Australia draws up battle plans for Brisbane’s fire ant menace

Media Release |
Pustules from fire ant stings. Photo: Murray S. Blum, The University of Georgia

International and national experts will this week draw up battle plans for dealing with dangerous and destructive ants that have invaded Australia and now threaten human lives, our agricultural systems and iconic areas such as Queensland’s Wet Tropics World Heritage Area.

Experts from across Australia and overseas will gather in Brisbane early this week to formulate the first ever national plan for invasive ants such as the red imported fire ant, which in the US has caused the deaths of at least 80 people.

“This is the largest gathering ever of experts from across the nation and overseas coming together to tackle dangerous invasive ants in Australia,” Andrew Cox from the Invasive Species Council said.

“Red fire ants, yellow crazy ants and browsing ants have all breached Australia’s border securities in recent years. Each has the potential to cause major harm to our environment, agriculture and to change our way of life.”

Attending the meeting will be one of the world’s experts on red imported fire ants, Dr David Oi from the US Department of Agriculture, who has warned Australia that it needs to take notice of the serious problems fire ants have created in the United States.

“I am pleased to come and share the American experience of red imported fire ants with an Australian audience at this important workshop,” he said.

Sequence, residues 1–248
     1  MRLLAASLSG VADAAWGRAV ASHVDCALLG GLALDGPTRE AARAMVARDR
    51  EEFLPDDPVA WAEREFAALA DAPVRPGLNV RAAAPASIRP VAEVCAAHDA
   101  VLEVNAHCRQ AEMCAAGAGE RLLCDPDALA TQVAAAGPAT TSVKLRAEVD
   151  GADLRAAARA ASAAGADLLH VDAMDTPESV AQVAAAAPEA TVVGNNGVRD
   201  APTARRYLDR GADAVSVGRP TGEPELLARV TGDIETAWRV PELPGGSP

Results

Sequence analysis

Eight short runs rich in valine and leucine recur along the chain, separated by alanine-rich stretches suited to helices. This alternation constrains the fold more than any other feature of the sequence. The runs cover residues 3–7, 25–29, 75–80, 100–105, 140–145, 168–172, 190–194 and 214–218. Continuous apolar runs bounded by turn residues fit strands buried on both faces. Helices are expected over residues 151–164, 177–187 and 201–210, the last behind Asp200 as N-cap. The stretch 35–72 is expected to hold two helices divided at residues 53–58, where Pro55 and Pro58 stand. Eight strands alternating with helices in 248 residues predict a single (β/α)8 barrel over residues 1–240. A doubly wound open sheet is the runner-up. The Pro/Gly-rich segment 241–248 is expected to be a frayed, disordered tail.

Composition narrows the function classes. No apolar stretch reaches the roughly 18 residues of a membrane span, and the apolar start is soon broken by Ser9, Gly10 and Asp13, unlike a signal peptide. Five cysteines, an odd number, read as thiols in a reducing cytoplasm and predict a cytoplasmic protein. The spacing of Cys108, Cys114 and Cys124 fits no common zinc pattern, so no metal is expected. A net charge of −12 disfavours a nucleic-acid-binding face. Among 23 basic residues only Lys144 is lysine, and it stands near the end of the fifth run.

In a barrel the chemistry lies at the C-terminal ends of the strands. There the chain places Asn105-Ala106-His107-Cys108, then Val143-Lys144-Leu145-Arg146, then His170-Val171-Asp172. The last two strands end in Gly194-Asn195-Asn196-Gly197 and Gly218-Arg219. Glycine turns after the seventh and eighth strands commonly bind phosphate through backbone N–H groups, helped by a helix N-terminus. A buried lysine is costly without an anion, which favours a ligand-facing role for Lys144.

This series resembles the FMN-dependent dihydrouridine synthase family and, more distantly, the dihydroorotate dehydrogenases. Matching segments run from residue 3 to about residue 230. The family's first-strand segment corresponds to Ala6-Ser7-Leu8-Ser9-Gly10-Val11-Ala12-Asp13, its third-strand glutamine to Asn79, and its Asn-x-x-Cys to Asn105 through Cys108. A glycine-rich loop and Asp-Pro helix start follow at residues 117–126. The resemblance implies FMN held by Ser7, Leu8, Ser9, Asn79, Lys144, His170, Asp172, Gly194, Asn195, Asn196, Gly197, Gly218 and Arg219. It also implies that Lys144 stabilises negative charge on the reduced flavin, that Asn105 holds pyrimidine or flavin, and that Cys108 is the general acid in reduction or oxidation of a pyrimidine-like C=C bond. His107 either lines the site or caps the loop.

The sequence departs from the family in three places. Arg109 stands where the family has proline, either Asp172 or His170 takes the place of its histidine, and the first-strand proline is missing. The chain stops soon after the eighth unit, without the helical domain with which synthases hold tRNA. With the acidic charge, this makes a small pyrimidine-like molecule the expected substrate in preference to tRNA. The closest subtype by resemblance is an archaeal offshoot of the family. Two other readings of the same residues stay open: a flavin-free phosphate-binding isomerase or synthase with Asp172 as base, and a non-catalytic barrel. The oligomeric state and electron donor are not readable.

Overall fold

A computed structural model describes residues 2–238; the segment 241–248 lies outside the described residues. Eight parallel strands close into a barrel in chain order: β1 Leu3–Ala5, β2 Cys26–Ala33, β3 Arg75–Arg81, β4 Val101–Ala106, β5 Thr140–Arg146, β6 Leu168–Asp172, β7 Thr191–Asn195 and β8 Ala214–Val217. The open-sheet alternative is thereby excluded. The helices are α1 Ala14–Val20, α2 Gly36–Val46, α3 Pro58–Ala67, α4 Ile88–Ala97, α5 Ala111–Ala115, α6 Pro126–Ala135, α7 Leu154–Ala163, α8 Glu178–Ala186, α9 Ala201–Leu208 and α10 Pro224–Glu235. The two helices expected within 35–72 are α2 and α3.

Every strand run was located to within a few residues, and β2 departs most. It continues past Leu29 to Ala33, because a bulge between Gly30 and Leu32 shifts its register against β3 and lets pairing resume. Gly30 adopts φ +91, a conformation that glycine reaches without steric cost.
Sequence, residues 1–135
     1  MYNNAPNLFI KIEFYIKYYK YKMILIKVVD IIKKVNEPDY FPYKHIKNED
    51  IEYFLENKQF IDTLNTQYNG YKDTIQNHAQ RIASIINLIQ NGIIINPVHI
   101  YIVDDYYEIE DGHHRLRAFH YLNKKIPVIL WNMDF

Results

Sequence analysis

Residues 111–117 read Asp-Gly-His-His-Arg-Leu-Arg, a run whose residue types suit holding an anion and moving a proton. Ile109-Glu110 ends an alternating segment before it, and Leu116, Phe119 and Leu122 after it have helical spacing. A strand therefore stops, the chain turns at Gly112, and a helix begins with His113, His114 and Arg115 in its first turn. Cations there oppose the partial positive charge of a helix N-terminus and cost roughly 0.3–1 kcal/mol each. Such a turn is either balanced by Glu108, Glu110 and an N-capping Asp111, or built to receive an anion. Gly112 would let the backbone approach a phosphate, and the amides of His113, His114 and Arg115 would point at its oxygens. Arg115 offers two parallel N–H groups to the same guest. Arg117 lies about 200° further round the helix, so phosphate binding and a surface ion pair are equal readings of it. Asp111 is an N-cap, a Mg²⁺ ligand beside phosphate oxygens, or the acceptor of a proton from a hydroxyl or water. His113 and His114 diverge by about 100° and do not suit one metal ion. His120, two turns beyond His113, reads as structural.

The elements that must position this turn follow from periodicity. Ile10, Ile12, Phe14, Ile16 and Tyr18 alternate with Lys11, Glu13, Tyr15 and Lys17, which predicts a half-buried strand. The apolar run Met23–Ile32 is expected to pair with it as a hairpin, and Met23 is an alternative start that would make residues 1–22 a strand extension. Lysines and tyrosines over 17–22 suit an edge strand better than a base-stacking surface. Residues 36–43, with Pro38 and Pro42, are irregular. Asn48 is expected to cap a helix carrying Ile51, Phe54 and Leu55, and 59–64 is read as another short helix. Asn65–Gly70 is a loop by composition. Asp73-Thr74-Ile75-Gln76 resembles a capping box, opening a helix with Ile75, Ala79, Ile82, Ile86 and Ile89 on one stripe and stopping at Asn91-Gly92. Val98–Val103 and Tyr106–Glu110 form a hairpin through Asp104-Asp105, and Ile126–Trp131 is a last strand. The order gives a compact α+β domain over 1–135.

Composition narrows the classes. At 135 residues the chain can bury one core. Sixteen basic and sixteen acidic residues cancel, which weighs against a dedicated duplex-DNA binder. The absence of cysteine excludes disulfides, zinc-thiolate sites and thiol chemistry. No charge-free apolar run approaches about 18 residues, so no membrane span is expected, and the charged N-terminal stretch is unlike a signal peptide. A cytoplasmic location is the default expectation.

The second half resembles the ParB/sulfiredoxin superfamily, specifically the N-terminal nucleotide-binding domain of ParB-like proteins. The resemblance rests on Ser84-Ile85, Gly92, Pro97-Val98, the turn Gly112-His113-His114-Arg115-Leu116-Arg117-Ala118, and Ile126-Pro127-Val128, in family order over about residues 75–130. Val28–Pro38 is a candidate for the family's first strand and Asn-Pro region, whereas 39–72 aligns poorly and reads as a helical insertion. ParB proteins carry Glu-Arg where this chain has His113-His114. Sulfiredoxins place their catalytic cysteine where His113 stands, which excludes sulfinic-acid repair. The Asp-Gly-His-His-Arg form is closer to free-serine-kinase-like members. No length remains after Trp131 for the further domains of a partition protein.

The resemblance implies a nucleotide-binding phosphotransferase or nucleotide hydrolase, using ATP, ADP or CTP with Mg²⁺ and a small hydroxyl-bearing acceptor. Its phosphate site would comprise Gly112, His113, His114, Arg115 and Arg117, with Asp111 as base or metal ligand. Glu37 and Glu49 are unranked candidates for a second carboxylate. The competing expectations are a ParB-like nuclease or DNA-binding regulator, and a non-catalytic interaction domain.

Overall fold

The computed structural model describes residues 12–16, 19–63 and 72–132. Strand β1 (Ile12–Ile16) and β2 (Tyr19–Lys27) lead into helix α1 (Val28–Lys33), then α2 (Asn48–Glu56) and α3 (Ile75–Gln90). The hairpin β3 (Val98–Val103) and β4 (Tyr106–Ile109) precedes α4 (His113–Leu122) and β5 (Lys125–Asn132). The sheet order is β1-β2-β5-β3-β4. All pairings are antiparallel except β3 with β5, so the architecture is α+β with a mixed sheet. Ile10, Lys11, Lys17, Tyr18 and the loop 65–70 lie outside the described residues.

The red imported fire ant has venom that causes blistering, anaphylaxis, hospitalisation and even death in human beings. Currently there is only one fire ant incursion in Australia, in south-east Queensland, but if not eradicated they could occupy most of the continent.

“This important meeting will address a shortfall in Australia’s biosecurity framework by developing a national plan for improved detection, surveillance and research,” Mr Cox said.

“This meeting is timely. There is an important decision facing commonwealth, state and territory agriculture ministers in February when they must decide whether to continue with fire ant eradication in south-east Queensland.”

The meeting will be held on November 8 and 9. It is being convened by the Plant Biosecurity CRC on behalf of the federal Department of Agriculture and Water Resources.

Media contact

  • Reece Pianta, 0422 935 665.

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